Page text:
The Biden administration announced new immigration policies Jan. 5, expanding the use of Title 42 while increasing legal paths for some individuals to seek asylum while remaining in their home countries instead of migrating to the southern border.
Title 42 is a federal public health rule permitting immigration officials at the border to block migrants seeking asylum from entry. The Trump administration implemented the rule in 2020 at the onset of the COVID-19 pandemic, although the move was seen as part of his attempts to reduce migration more broadly.
The policy has been criticized by some public health experts, who argued it was politically motivated rather than evidence-based, and by President Joe Biden, who has been seeking to end the policy while facing a legal challenge from southern U.S. states asking the federal courts to keep it in place.
The Supreme Court has left Title 42 in place until it hears the case, which could be as soon as February. The court's announcement Dec. 27 in Arizona v. Mayorkas has been criticized by some Catholic groups, including the U.S. Conference of Catholic Bishops, which has argued it harms asylum-seekers and is a temporary measure ill-suited for permanent immigration policy.
Title 42 has been used approximately 2.5 million times (including multiple attempts by the same individual) to expel migrants, including those seeking asylum, according to U.S. Customs and Border Protection data.
According to the Biden administration's Jan. 5 announcement, Title 42 will now be invoked to bar migrants from Cuba, Haiti, Nicaragua and Venezuela who have not attempted to seek asylum in another country, such as Mexico, first.
Bishop Mark J. Seitz of El Paso, chairman of the USCCB's Committee on Migration, praised the new legal pathways in a statement, but said it is "difficult for us to consider this progress when these same pathways are contingent on preventing those forced to flee their native land from availing themselves of the right to seek asylum at our border."
"Under this approach, many of the most vulnerable will be excluded from relief and subjected to dangerous circumstances, contravening U.S. and international refugee law, as well as Catholic social teaching," Bishop Seitz said.
The Catholic Church teaches in its catechism that while a country has the right to regulate its borders for the sake of the common good, more prosperous countries "are obliged, to the extent they are able, to welcome the foreigner in search of the security and the means of livelihood which he cannot find in his country of origin" (No. 2241).
Bishop Seitz added it "simply defies reason and lived realities to require those facing persecution, trafficking, and torture to only pursue protection from within those potentially life-threatening situations."
Dylan Corbett, executive director of Hope Border Institute, a group that says it brings the perspective of Catholic social teaching to immigration policy, said in a statement, "The expansion of Title 42 to include Cubans, Haitians, and Nicaraguans is a broken promise."
Corbett said the administration should be instead moving toward "fully restoring asylum at the border" instead of "entrench[ing] a dangerous, ineffective, and inhumane policy."
"The poor and vulnerable at our nation's doorstep deserve more," he said.
Joan Rosenhauer, executive director of Jesuit Refugee Service/USA said in a statement that "Expanding Title 42 takes US policy in precisely the wrong direction, blocking access to asylum for even more people in need of protection."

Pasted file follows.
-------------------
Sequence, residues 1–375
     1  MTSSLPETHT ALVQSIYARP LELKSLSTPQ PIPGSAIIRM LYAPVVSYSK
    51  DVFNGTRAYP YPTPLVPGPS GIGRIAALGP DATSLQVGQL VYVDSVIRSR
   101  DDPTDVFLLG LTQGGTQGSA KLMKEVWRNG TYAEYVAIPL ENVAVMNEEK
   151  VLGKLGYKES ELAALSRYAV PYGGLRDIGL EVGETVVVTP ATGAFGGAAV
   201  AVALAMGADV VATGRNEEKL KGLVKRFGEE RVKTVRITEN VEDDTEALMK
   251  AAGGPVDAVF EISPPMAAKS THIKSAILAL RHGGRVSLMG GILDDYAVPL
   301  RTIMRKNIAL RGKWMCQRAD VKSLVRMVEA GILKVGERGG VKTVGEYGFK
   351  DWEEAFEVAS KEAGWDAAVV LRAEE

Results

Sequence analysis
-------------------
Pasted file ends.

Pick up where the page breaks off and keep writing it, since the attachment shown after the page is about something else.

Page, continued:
"As the Administration itself has argued, Title 42 is a COVID-era policy ungrounded in science and instead has been used as a tool to bypass our legal systems and undermine the right of individuals and families to request asylum," Rosenhauer said.
The Biden administration sought to contrast its expansion from the Trump administration's ban by pointing out that its policy will create additional legal pathways to asylum, including the use of an online application process and safety screening, rather than simply blocking migrants who seek asylum at the border.
Homeland Security Secretary Alejandro Mayorkas said in a Jan. 5 statement that "We can provide humanitarian relief consistent with our values, cut out vicious smuggling organizations, and enforce our laws."
"Individuals without a legal basis to remain in the United States will be subject to prompt expulsion or removal," he said. "Individuals who are provided a safe, orderly, and lawful path to the United States are less likely to risk their lives traversing thousands of miles in the hands of ruthless smugglers, only to arrive at our southern border and face the legal consequences of unlawful entry."
The move prompted criticism from Biden's own party. Sens. Bob Menendez, D-N.J., Ben Ray Luján, D-N.M., Alex Padilla, D-Calif., and Cory Booker, D-N.J., said in a Jan. 5 joint statement that the administration's actions would do "nothing to restore the rule of law at the border," but instead "will increase border crossings over time and further enrich human smuggling networks."
Furthermore, they added the administration's plan, while it would benefit some, also disadvantages "thousands of migrants fleeing violence and persecution who do not have the ability or economic means to qualify for the new parole process."
Bishop Seitz said he and the other U.S. Catholic bishops "share the President's disappointment regarding a lack of bipartisan cooperation in Congress on this issue."
"We also wholeheartedly agree that to truly address the irregular movement of people in our hemisphere, we must tackle the root causes of forced migration, promoting integral human development in sending countries so people may flourish there," he said. "We urge the Administration to reverse its present course in favor of humane solutions that recognize the God-given dignity of migrants and provide equitable access to immigration and humanitarian pathways."